EUGENE, Ore. (Reuters) - Activists rallied in Oregon and other states on Monday in support of young plaintiffs whose lawsuit against the U.S. government over the impact of climate change is under review by the U.S. Supreme Court.
The lawsuit, Juliana v. U.S., had been scheduled to begin in U.S. District Court in Oregon on Monday before it was temporarily blocked from proceeding by the Supreme Court on Oct. 18..
The plaintiffs rallied along with hundreds of students on the steps of the federal courthouse in Eugene, Oregon, and heard speeches from Native Americans, activists and religious leaders.
Their words were broadcast by bicycle-powered speakers for hours in the Oregon rain.
Twenty-one children and adults, aged 11 to 22, accused federal officials in a lawsuit filed in 2015 during President Barack Obama’s administration of violating their due process rights by knowing for decades that carbon pollution poisons the environment, but doing nothing about it.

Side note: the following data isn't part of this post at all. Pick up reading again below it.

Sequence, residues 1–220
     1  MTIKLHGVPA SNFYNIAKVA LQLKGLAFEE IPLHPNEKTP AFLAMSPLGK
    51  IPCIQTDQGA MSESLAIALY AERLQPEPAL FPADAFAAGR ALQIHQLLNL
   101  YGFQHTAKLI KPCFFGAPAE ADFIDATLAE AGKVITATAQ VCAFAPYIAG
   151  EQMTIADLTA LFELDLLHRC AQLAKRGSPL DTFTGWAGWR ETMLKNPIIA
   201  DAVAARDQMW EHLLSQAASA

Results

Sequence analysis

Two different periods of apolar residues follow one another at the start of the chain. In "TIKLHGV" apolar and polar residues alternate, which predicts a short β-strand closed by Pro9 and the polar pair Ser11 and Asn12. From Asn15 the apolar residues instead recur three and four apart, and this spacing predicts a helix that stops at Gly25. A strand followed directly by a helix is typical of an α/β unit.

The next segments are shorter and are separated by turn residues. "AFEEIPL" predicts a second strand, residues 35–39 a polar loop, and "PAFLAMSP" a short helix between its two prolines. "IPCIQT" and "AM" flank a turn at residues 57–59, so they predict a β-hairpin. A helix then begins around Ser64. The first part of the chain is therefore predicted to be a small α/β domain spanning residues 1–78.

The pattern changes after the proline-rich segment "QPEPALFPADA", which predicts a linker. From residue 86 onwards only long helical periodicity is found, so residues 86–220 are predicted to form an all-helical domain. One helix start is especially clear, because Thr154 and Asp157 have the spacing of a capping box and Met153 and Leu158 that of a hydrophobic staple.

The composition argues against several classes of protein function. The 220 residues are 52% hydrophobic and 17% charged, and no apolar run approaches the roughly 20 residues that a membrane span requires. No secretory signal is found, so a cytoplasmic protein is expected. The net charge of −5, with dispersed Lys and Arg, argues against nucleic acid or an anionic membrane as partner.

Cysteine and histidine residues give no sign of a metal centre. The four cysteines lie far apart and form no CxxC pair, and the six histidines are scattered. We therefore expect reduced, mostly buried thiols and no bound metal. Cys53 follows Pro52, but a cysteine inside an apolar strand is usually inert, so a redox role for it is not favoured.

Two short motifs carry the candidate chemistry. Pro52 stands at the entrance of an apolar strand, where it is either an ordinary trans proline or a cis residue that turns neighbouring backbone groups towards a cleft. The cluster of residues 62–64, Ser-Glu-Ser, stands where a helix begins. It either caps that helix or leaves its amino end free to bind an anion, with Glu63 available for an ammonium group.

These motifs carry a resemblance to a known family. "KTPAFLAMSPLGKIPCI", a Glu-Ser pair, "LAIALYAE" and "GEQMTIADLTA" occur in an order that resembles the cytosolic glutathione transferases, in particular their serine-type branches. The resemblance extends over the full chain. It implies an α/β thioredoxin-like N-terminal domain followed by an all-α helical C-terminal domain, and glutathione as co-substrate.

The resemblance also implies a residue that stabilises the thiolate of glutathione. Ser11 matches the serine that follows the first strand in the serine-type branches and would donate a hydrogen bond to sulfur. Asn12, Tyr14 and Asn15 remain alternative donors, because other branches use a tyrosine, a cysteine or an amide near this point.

The activists are seeking various environmental remedies.
‘NO RIGHT TO CLIMATE’
The Department of Justice contends that letting the case proceed would be too burdensome, unconstitutionally pit the courts against the executive branch, and require improper “agency decision-making” by forcing officials to answer questions about climate change.
The Justice Department also argues there is no right to “a climate system capable of sustaining human life.”
The Supreme Court said it would rule on whether the case could proceed in the lower court after it received responses from the plaintiffs and the lower court to the Department of Justice’s objections.
“We know this is our place,” plaintiff Jacob Lebel told the crowd at the rally, referring to the courthouse. “Because regardless of what (President Donald Trump) tries to do, or when we get our day in court, the wildfires around my farm in Oregon keep getting worse, the winters keep getting warmer, the salmon keep dying ... the seas keep rising and our politicians keep lying.”
The organizers in Eugene said supporters demonstrated in more than 70 rallies nationwide, including in New York, San Francisco and Boston. Smaller demonstrations were also staged in Stockholm, London, Amsterdam and Uganda within the past week, they said.
The plaintiffs said they delayed school and jobs to attend the rally and the trial they hope will start soon. They include hip-hop artist Xiuhtezcatl Martinez, who interrupted a concert tour.
(This story has been refilled to correct the byline)
Reporting by Lee van der Voo; Writing by Bill Tarrant; Editing by Peter Cooney
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